This paper tackles the role inclusive businesses play in our economic growth. We shall also be tackling specific companies and their programs geared towards inclusive business and poverty alleviation. Lastly, we shall seek means on promoting this business model so that more would participate in this initiative.
|市值最大的 20 只中国概念股年初至今回报率达 27%
We develop a theoretical model that shows that in the near future, the monetary policies of some key central banks in advanced economies (AEs) will have two dimensions—changes in short-term policy rates and balance sheet adjustments. This will affect emerging market economies (EMs), especially those with a pegged exchange rate, as these EMs primarily use a single monetary policy tool, i.e., the short-term policy rate. We show that changes in policy rates and balance sheet adjustments in AEs may differ in their respective financial spillovers to pegged EMs. Thus, it will be difficult for EMs to mitigate different types of spillovers with a single monetary policy tool. In that context, we use the model to show how EMs might use additional tools—capital controls and/or macro-prudential policy—to complement their monetary policy and financial stability toolkit. We also discuss how balance sheet adjustments that affect long-term interest rates may percolate to influence short-term interest rates via financial plumbing.
|In the latest issue (Issue 13 – August 2017), it covers the stories of:|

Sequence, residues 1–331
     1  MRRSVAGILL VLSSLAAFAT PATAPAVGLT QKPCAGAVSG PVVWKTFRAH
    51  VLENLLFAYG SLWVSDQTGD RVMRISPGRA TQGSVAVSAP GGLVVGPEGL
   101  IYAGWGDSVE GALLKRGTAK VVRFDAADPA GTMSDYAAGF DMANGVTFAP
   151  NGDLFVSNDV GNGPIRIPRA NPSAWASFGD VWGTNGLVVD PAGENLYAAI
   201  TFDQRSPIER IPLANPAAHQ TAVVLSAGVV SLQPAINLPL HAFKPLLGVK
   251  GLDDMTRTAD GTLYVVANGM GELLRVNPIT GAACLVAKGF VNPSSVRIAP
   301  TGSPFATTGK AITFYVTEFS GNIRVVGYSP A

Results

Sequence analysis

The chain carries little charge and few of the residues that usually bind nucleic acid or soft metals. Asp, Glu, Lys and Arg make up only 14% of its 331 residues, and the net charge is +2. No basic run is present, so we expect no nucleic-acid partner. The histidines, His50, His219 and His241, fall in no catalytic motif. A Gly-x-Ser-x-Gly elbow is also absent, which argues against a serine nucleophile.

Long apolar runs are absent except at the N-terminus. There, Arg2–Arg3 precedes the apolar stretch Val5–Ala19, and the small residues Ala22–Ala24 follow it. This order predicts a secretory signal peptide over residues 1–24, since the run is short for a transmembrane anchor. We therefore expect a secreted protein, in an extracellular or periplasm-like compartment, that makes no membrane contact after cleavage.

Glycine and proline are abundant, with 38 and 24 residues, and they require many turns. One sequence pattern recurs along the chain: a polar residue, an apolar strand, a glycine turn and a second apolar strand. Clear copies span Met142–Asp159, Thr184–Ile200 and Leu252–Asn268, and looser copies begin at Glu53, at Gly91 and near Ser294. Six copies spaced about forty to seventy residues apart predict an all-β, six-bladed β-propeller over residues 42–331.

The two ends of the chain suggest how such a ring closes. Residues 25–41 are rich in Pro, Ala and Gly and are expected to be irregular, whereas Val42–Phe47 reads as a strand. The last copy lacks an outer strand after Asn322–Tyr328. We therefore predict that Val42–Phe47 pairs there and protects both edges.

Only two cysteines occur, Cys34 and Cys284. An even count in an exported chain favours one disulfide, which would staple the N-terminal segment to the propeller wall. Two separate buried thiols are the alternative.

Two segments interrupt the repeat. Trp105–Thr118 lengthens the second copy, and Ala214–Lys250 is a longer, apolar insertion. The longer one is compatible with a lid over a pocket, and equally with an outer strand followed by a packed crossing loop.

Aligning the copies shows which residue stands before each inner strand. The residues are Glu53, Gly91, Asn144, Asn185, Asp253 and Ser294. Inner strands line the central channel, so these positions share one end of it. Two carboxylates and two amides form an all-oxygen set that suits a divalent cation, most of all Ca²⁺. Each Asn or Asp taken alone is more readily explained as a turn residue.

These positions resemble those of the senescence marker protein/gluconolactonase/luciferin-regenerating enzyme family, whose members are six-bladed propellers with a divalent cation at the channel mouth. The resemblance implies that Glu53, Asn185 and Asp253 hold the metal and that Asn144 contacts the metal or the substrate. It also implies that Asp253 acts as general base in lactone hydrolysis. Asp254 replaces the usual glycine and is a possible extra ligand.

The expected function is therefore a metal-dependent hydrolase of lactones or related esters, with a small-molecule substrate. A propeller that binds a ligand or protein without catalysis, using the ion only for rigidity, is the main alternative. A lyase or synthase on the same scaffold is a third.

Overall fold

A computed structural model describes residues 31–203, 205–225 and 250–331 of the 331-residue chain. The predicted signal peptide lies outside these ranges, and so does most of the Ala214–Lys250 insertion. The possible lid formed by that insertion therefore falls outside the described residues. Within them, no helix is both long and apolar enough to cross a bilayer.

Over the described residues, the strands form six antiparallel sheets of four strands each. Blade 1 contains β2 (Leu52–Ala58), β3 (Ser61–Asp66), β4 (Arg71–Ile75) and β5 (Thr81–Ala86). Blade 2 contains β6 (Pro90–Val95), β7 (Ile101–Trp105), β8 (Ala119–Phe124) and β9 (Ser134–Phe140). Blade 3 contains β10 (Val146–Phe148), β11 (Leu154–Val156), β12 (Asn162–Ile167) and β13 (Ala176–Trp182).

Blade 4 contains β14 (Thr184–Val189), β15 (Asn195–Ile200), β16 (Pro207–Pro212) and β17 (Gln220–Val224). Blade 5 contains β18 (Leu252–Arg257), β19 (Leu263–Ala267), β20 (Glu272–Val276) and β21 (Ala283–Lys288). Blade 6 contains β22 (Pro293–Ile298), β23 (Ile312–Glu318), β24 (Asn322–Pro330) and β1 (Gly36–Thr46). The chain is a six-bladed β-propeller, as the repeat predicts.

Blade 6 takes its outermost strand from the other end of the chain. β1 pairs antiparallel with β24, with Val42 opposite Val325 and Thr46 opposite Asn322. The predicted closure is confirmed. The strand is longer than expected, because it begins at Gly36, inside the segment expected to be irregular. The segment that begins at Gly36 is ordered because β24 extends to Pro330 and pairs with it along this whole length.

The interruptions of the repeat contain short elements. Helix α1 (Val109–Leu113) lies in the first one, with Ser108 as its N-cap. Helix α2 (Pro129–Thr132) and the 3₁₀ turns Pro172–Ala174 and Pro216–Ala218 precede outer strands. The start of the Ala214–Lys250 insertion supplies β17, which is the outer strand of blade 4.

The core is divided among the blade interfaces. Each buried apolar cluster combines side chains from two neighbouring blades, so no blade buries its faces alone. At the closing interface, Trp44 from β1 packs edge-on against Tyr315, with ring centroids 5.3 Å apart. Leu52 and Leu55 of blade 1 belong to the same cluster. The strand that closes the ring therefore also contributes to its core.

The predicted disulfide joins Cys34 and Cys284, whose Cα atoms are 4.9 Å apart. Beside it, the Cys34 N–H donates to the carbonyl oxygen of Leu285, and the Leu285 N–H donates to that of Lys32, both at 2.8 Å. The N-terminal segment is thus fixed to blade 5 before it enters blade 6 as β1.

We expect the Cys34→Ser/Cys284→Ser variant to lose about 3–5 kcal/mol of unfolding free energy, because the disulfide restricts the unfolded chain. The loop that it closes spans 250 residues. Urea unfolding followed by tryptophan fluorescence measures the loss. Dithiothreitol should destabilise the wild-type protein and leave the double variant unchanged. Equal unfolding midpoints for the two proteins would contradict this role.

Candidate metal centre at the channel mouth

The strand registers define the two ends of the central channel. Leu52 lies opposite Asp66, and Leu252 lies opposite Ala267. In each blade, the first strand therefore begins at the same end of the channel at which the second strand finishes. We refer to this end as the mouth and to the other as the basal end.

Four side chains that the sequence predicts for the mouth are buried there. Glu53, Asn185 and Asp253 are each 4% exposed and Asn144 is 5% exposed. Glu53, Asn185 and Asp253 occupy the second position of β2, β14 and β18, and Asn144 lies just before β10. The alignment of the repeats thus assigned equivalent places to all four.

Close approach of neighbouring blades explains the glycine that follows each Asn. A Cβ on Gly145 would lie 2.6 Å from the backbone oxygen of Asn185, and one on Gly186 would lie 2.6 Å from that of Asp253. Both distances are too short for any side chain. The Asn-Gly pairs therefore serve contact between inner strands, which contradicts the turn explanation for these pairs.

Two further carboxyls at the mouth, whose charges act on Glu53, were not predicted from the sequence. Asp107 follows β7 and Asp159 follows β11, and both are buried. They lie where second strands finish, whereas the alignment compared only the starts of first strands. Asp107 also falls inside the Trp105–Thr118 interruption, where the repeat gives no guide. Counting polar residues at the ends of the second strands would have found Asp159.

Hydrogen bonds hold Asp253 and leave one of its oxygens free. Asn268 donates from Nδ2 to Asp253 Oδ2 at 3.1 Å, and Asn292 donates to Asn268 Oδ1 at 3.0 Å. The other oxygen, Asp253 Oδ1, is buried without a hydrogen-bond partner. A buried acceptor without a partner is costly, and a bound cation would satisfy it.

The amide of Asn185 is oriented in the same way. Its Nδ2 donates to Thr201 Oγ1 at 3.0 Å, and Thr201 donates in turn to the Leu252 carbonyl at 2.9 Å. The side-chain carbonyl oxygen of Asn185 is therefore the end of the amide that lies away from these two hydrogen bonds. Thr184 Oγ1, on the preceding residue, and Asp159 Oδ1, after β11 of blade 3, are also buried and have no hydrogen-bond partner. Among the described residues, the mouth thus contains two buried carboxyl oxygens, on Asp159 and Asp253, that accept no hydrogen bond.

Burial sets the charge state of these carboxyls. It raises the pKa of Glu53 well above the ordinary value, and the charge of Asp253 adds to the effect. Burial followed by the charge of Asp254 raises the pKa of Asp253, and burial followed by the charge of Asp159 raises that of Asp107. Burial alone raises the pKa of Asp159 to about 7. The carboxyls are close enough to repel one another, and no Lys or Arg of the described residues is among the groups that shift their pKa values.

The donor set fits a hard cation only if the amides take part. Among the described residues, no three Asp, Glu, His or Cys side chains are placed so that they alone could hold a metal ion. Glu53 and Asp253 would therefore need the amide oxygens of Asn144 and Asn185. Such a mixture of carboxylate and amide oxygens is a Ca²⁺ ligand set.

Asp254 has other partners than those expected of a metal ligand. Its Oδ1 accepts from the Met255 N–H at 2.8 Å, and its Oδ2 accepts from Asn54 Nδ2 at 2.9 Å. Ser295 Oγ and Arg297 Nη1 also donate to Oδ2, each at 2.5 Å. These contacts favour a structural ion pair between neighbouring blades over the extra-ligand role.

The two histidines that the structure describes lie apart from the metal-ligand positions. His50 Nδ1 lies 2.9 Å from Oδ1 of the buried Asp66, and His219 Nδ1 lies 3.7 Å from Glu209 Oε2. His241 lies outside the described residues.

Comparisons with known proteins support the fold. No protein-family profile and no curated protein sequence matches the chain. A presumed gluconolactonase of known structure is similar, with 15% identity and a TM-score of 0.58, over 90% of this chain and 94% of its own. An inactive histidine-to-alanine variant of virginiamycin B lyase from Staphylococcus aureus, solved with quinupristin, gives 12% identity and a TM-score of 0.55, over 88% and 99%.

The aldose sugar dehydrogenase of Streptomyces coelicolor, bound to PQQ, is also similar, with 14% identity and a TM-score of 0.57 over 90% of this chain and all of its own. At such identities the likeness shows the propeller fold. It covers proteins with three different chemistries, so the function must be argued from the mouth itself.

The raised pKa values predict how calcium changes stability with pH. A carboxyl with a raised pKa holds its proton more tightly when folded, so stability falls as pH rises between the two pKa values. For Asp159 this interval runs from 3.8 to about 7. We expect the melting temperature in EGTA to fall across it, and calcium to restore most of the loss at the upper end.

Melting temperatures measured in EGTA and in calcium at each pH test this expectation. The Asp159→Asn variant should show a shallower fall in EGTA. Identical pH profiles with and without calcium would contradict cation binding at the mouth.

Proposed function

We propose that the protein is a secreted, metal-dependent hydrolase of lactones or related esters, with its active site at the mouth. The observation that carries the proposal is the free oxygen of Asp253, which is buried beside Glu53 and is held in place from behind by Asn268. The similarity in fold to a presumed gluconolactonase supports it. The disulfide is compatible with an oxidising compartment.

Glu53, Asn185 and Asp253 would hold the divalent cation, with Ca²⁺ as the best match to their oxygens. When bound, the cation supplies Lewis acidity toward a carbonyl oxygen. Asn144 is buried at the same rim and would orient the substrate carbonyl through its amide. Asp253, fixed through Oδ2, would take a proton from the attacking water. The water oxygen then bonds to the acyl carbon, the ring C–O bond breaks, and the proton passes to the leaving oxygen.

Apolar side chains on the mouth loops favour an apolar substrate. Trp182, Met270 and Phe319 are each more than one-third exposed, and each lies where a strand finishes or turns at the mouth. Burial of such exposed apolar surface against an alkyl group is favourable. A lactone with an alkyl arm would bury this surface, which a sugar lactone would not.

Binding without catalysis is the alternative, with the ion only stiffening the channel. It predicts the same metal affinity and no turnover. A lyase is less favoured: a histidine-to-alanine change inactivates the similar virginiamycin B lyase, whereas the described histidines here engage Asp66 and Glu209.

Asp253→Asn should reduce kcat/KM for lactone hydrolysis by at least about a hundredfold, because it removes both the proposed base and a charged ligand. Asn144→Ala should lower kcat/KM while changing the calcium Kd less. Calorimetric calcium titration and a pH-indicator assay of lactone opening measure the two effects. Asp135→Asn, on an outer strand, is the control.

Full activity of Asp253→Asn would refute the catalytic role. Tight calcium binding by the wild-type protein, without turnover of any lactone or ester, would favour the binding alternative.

|Financial Crime Risk : Anti-Money Laundering Practices in Banking
To understand anti-money laundering, we have to understand what money laundering is. Money Laundering is the process of converting illegal funds into seemingly legitimate assets with the purpose of concealing the ownership or original source of these funds. This makes it difficult for the authorities to trace the origins of the funds. To counter this, the banking sector has established a set of internal regulations and system known as anti-money laundering. These are legal controls taken by financial institutions to investigate suspicious transactions to help prevent money laundering activities within the banking sector.
|The Rise of Text Mining in Financial Markets
The world is awash in data. Financial markets are awash in data. We are generating around 2.5 quintillion (2.5×1018) bytes of information every day, and there is an average of 4,000 brokerage reports a day comprising around 36,000 pages in 53 languages. As market participants try to maximize their competitive edge from the growing mountain of information, the nancial world increasingly feels there is a need to harness the power of big data and it has been shaping the way they acquire, analyze and utilize data. The recent development is the rapid expansion of text mining. Hence, this article will focus on the development of Text Mining technology as well as Text Mining technique.